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(1933 - 2013)

Wang Lisan was born in Wuhan in 1933, but his hometown was Qianwei, Sichuan. In 1937 the family moved to Chengdu, a wartime refuge. As a child, Wang took advantage of the family’s intellectual heritage and developed a variety of interests, including Taoist philosopy, Chinese painting, folk music, calligraphy and Chinese opera. In 1951 he entered the East China Branch of the Central Conservatory of Music (the present Shanghai Conservatory of Music) and in 1953 wrote Lanhuahua, the Beautiful Girl, which launched his career. In 1957, with Liu Shiren and Jiang Zuxin he published an article in People’s Music in which he criticised Xinghai, the composer of The Yellow River Cantata, a work praised by Chairman Mao Zedong.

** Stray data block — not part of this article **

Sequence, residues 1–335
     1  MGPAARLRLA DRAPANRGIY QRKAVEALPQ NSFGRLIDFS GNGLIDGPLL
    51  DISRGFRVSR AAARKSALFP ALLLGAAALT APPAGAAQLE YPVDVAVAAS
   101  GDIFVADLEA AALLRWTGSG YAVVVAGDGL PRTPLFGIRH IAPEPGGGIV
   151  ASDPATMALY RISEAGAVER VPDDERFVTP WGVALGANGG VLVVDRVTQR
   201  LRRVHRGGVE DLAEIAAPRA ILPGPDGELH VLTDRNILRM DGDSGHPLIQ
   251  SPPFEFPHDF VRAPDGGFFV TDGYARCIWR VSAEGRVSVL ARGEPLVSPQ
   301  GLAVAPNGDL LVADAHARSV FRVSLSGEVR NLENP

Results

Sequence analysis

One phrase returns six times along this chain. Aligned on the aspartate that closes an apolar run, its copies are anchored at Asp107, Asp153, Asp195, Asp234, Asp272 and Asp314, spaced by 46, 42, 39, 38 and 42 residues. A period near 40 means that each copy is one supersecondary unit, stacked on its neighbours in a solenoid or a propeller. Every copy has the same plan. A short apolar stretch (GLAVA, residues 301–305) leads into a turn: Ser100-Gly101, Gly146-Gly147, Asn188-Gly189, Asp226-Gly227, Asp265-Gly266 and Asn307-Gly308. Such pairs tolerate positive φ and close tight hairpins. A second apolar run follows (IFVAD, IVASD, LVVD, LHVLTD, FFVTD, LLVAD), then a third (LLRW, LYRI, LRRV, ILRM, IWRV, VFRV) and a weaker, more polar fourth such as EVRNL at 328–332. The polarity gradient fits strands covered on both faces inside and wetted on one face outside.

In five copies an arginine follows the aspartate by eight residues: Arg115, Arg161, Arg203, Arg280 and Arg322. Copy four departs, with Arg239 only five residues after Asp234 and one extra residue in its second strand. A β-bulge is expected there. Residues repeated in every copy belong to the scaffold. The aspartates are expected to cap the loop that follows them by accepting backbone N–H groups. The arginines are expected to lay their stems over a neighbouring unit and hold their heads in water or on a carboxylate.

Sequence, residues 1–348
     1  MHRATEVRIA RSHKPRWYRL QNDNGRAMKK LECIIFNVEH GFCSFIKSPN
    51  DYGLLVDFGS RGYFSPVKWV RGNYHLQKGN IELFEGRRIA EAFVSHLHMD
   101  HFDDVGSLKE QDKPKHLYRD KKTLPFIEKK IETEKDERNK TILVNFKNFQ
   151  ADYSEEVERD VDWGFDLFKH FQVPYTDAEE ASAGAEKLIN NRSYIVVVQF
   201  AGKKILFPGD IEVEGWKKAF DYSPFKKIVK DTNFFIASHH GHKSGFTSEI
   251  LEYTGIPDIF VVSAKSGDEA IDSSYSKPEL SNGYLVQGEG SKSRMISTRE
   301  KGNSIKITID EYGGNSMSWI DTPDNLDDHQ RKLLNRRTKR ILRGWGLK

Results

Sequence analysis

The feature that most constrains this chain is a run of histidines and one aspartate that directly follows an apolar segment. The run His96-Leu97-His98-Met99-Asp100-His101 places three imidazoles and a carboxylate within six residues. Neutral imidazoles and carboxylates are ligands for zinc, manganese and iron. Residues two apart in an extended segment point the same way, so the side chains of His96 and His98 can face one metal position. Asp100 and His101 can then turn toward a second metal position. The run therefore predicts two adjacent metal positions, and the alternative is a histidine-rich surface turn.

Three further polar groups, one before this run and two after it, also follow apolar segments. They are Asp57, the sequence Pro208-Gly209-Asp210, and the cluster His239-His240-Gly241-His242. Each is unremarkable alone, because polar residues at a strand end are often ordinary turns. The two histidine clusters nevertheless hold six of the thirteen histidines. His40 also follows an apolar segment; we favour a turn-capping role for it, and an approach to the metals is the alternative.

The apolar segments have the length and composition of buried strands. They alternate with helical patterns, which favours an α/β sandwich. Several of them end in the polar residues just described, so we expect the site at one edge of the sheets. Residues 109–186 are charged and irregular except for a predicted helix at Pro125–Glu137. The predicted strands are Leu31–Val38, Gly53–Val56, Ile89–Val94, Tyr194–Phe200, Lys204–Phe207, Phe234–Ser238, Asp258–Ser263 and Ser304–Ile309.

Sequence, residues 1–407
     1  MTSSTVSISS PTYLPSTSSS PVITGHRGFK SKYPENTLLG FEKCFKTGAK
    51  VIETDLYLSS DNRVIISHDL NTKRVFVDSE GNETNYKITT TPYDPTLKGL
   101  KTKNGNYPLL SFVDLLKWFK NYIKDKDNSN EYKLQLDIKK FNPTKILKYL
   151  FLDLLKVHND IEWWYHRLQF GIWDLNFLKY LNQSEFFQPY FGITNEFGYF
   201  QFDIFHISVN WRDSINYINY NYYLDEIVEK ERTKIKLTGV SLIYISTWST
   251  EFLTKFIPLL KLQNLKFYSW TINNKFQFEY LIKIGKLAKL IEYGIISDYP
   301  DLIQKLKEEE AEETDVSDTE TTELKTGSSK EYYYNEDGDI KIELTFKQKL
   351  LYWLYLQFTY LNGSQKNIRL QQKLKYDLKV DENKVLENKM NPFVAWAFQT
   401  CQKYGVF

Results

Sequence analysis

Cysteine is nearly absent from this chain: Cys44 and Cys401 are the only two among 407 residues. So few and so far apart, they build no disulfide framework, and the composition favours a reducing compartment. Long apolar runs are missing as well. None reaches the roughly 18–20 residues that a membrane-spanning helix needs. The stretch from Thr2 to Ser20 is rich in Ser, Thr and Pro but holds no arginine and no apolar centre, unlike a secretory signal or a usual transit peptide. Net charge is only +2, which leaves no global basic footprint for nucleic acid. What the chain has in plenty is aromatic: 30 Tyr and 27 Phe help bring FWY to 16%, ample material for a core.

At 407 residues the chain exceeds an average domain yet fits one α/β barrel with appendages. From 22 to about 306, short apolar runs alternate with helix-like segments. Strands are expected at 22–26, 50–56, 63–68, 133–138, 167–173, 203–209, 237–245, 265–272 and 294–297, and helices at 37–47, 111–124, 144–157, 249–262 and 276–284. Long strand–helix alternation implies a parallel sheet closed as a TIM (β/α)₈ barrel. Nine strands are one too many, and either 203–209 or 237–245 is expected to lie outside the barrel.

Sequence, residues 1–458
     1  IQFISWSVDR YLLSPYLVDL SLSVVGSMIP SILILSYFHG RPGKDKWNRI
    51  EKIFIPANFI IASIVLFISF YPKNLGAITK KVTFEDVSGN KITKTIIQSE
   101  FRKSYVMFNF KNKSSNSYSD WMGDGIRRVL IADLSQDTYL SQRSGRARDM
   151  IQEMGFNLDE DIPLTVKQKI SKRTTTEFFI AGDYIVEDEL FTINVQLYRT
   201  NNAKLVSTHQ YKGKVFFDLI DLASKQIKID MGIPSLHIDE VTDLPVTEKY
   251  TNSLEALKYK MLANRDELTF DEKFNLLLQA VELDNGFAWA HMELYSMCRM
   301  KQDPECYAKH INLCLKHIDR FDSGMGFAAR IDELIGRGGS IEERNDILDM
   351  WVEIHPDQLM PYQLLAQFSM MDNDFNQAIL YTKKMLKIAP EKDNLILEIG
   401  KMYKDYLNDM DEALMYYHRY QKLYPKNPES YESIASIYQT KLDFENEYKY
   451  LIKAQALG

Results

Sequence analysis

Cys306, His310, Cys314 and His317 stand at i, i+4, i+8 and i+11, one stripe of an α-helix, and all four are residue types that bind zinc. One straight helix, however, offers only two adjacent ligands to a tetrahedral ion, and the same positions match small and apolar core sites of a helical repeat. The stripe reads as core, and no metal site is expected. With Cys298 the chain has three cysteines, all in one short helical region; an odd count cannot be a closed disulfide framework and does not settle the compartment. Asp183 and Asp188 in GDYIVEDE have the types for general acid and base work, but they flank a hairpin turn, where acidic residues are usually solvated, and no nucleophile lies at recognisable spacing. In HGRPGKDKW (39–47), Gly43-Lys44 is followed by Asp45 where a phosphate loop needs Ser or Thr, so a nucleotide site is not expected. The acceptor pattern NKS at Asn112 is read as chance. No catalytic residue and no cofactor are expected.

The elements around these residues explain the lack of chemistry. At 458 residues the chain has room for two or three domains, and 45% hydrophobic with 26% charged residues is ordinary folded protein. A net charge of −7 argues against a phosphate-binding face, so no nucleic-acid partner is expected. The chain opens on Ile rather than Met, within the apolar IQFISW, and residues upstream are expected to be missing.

Largely because of this, Wang was labelled a rightist and in 1959 was exiled to the North-Eastern corner of China to work with the Hejiang Reclamation Bureau’s Art Troupe. In 1963, when the troupe was disbanded, he entered the Harbin Art Institute (later Harbin Normal University’s Arts Institute) as a teacher. The Cultural Revolution brought further difficulties, and Wang was suspended from the teaching staff and able to resume teaching only in 1972, continuing at the institute until his retirement to Shanghai in 2002. He served as the institute’s chairman from 1985 to 1996, and during this period his compositional output suffered, largely as a result of his administrative duties. In 2003 Wang suffered a stroke, yet still managed to compose until 2007. He died in Shanghai in 2013.

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